Wednesday, November 23, 2005

Ipod USB/Firewire power hack (lame)

I've had an Ipod for 6 months or so now. I wasn't cool enough to immediately jump on the cool train and get the first generation Ipod or even the second. I got the mini since it just made sense at the time.

Mine came with the USB adapter that serves to purposes -- to transfer music and charge. The problem is that when you plug your Ipod into a USB 2.0 host, you can't use the Ipod since it goes into that silly "Do not disconnect" mode.

Imagine me, at work after 5pm the day before Thanksgiving yearning for some tunes. And there is my Ipod, dead as a doornail because I had used it at the the gym this morning and for hours at the data center today.

Feeling a bit daring, I figured that if the Ipod gets both power and data from the USB cable and that there are plenty of devices out there that just steal power from USB, there should be a way to hack the Ipod USB cable to do what I want.

The solution? Slip a little piece of paper into the USB type A connector and cover the middle two pins. These pins supply the data. This is considerably easier if you've got one of those USB extender cables coming out of your machine for easier access on your desktop. Bingo. Charing the Ipod while listening to it.

I figure the same is possible with the Firewire adapter as well, but I'm not even sure if the Firewire adapter has the same problems. If it does, block all but pins 1 and 2 as shown here.

Not really new or especially creative as others have done similar things like this before (the Altoids Ipod charger), but I found it useful. Maybe someone else will too.

Saturday, February 26, 2005

The password debacle

Lately there has been a lot of media attention directed at the recent T-mobile hacks. I find the whole situation quite laughable. Its one thing for the media to go nuts over Paris Hilton's address book being spread far and wide, and over Fred Durst's little home video that he had stored on his account. Thats just how the media works. If there is celebrity dirt out there, they'll be all over it.

But perhaps the funniest part of this whole thing is how little attention is paid to the root of the problem -- the fact that so many online services have horribly flawed password schemes. Its not that its a single part of the password policy that is riddled with holes, its flawed from beginning to end.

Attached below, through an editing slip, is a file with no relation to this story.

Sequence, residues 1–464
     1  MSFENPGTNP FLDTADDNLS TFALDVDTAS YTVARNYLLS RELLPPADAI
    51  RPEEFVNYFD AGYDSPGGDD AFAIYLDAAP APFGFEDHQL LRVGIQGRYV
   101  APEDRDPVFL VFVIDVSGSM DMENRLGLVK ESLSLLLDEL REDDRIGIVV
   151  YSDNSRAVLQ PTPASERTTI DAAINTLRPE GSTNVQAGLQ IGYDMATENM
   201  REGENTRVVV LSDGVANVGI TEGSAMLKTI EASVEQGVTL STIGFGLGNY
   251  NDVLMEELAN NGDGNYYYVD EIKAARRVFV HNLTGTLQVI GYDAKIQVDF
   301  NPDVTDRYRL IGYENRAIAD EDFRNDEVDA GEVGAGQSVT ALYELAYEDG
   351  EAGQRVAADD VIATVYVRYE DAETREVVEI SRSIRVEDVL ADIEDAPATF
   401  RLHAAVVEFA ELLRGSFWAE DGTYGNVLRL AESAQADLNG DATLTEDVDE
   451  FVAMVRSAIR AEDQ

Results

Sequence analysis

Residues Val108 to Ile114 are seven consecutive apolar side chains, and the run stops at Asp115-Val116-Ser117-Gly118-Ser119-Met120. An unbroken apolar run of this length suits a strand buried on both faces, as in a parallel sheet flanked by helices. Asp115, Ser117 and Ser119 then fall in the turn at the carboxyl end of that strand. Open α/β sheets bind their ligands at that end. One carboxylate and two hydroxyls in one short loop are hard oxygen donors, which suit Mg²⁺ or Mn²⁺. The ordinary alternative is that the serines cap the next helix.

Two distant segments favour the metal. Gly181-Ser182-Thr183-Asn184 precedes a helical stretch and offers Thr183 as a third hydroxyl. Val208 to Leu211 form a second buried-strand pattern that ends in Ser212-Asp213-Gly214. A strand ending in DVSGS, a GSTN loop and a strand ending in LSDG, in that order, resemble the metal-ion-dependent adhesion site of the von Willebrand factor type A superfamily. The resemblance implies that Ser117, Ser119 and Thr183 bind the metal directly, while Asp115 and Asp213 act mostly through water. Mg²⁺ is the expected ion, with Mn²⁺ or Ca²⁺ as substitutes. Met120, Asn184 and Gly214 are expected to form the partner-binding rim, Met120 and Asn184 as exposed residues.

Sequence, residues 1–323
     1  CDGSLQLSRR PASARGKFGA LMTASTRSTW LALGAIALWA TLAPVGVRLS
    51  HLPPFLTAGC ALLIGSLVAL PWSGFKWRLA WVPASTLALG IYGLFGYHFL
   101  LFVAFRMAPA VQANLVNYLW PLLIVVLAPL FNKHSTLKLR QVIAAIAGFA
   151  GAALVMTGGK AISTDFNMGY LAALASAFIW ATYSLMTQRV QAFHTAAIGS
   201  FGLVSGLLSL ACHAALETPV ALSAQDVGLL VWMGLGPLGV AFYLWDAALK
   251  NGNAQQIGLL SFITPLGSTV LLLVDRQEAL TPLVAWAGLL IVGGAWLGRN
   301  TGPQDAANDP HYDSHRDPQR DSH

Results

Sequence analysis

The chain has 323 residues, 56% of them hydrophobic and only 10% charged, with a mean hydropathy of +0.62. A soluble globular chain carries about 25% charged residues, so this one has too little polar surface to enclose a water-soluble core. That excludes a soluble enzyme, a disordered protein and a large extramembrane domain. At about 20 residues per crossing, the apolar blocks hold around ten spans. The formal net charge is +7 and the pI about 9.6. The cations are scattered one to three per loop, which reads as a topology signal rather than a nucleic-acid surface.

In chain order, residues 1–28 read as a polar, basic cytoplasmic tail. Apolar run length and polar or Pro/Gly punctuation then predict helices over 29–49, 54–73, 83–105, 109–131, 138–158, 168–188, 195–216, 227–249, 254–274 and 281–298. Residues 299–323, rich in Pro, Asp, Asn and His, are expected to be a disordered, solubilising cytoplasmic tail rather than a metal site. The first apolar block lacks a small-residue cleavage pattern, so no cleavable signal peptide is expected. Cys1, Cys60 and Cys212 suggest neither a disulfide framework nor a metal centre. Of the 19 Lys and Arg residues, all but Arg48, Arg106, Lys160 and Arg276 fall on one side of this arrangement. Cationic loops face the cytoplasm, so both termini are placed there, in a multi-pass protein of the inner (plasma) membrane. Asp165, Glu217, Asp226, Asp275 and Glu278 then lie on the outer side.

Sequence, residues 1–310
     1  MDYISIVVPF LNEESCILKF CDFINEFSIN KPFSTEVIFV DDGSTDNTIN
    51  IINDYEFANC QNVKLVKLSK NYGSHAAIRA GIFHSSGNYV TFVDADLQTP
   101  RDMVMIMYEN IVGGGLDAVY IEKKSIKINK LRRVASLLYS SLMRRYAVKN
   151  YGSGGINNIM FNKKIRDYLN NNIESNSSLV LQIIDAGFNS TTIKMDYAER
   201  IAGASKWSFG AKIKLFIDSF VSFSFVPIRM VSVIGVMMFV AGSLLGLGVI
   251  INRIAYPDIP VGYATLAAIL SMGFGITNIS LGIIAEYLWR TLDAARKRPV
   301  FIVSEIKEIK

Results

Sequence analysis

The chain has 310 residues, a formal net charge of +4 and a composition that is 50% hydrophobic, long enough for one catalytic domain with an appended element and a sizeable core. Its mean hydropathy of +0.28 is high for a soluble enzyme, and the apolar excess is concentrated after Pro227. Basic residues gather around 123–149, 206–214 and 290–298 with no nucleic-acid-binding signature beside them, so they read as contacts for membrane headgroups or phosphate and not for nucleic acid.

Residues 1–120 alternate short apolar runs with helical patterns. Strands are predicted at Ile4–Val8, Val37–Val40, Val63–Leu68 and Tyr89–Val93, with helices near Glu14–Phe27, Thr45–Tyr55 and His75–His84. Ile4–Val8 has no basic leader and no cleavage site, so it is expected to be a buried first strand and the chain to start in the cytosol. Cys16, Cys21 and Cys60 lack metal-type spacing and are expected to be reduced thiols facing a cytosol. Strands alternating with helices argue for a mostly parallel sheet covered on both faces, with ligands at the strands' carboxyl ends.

Just a little disclaimer. There are many online services out there that do have good password and security policies. However, it just so happens that the most popular and prevalent online services -- phone, bank, utility, etc -- are the ones that are ripe for the picking.

At account creation time, users are asked to select a password. How often do you see suggestions on good password selection? How often do you see warnings about choosing bad passwords and the ramifications of someone being able to guess that password? Rarely. I mean really, who cares if someone can guess the password to my sidekick?

To make that worse, oftentimes these services have unnecessarily restrictive password requirements. I'm sure many people reading this are thinking "hey, thats a good thing!". Well, the problem here is that they are restrictive in the wrong direction. Here are some restrictions that I've seen:

  • Passwords must be of a fixed length
  • Passwords cannot be longer than, say, 6 characters
  • Passwords must only use letters or numbers. No punctuation or other characters!
  • Passwords must only use numbers

And what if you forget your password? Hell, I actually "forget" all the time. Thats usually because when I sign up for some random online service, I often pick a password that I'll never, ever remember -- `head -n 100 /dev/urandom | strings` and then pick one that is of sufficient length, or something similar. Of course, that only works if the particular service allows me to pick a password that is actually secure, which is unfortunately quite rare. So you forgot your password? Now what? Fortunately, the nice folks at your online service have given you a way to change your password. All you need to do is know the name of your first pet or the name of your favorite sports team and you can retrieve or change your password. Come on, guys. In the age of Google, information such as that might as well be public knowledge.

This whole thing just blows my mind. I can't see how any organization could ever get away with such lax security policies. Policies like these would never fly in any organization worth its salt. It really, really makes me want to pay a personal visit to the CISO of all guilty companies and see what kinda drugs they are on.

Its sad that things have come to this, but part of it is likely due to the fact that the general public has no idea that these policies are riddled with holes and pose a huge risk to their personal and financial well-being.